Billie the dolphin: Dolphins can learn and teach new skills, as a female named Billie showed in the 1980s. Having been taken into an Australian recovery centre after falling ill, she saw her colleagues tail-walking, and on her release introduced the art into the wild by teaching other dolphins

Dolphins: ‘the rapists of the sea’

Telegraph blogger Tim Stanley, a conservative historian of the US, has taken issue with the American Catholic college Fordham University over their decision to include bioethics professor Peter Singer in a panel discussion. Especially since Fordham "effectively barred the conservative, pro-life pundit Ann Coulter from speaking on campus" - a woman who is, presumably, more to Stanley's tastes.

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Floating voters

How living on a houseboat meant I didn't officially 'exist'
Louis Theroux's affable Englishman routine begins to wear thin

By Reason of Insanity

Louis Theroux's affable Englishman routine begins to wear thin
Power dressing is back – but no shoulderpads!

Power dressing is back

But banish all thoughts of Eighties shoulderpads
Spanish stone-age cave paintings 'under threat' after being re-opened to the public

Spanish stone-age cave paintings in Altamira 'under threat'

Caves were re-opened to the public
'I was the bookies’ favourite to be first to leave the Cabinet'

Vince Cable interview

'I was the bookies’ favourite to be first to leave the Cabinet'
Election 2015: How many of the Government's coalition agreement promises have been kept?

Promises, promises

But how many coalition agreement pledges have been kept?
The Gaza fisherman who built his own reef - and was shot dead there by an Israeli gunboat

The death of a Gaza fisherman

He built his own reef, and was fatally shot there by an Israeli gunboat
Saudi Arabia's airstrikes in Yemen are fuelling the Gulf's fire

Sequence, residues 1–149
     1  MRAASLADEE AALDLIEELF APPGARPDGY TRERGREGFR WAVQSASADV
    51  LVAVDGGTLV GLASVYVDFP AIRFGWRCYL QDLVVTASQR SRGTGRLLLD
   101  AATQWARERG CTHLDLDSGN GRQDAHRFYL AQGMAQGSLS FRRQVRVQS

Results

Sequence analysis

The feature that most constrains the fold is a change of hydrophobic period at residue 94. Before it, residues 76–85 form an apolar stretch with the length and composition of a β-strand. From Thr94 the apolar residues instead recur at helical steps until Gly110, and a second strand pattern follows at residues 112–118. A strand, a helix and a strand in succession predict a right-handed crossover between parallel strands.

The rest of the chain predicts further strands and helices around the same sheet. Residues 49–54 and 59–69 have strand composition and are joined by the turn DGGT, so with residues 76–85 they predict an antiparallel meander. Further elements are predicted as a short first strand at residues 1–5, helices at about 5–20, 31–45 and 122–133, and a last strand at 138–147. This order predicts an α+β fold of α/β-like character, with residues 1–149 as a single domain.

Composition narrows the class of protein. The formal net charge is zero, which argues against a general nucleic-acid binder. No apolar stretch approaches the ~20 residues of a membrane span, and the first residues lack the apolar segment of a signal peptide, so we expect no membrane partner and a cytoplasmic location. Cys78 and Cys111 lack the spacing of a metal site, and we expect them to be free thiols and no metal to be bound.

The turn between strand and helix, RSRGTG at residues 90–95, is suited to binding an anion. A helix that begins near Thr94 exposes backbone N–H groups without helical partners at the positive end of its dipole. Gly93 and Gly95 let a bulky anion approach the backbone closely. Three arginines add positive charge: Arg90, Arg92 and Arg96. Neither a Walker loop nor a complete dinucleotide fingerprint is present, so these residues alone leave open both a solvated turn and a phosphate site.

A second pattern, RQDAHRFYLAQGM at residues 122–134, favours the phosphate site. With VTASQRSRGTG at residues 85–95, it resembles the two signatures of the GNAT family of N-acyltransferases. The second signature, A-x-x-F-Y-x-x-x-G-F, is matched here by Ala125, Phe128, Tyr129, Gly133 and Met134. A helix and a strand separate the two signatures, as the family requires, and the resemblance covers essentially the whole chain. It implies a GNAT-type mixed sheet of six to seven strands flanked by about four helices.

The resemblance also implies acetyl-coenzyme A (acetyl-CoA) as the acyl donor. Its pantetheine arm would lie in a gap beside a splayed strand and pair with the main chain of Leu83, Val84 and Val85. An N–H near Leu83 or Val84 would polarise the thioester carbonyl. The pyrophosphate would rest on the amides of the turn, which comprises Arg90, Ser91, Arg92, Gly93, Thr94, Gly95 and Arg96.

Saudi airstrikes are fuelling the Gulf's fire

Arab intervention in Yemen risks entrenching Sunni-Shia divide and handing a victory to Isis, says Patrick Cockburn
Zayn Malik's departure from One Direction shows the perils of fame in the age of social media

The only direction Zayn could go

We wince at the anguish of One Direction's fans, but Malik's departure shows the perils of fame in the age of social media
Young Magician of the Year 2015: Meet the schoolgirl from Newcastle who has her heart set on being the competition's first female winner

Spells like teen spirit

A 16-year-old from Newcastle has set her heart on being the first female to win Young Magician of the Year. Jonathan Owen meets her
Jonathan Anderson: If fashion is a cycle, this young man knows just how to ride it

If fashion is a cycle, this young man knows just how to ride it

British designer Jonathan Anderson is putting his stamp on venerable house Loewe
Number plates scheme could provide a licence to offend in the land of the free

Licence to offend in the land of the free

Cash-strapped states have hit on a way of making money out of drivers that may be in collision with the First Amendment, says Rupert Cornwell
From farm to fork: Meet the Cornish fishermen, vegetable-growers and butchers causing a stir in London's top restaurants

From farm to fork in Cornwall

One man is bringing together Cornwall's most accomplished growers, fishermen and butchers with London's best chefs to put the finest, freshest produce on the plates of some of the country’s best restaurants
Robert Parker interview: The world's top wine critic on tasting 10,000 bottles a year, absurd drinking notes and New World wannabes

Robert Parker interview

The world's top wine critic on tasting 10,000 bottles a year, absurd drinking notes and New World wannabes
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Don't believe the stereotype - or should you?

We exaggerate regional traits and turn them into jokes - and those on the receiving end are in on it too, says DJ Taylor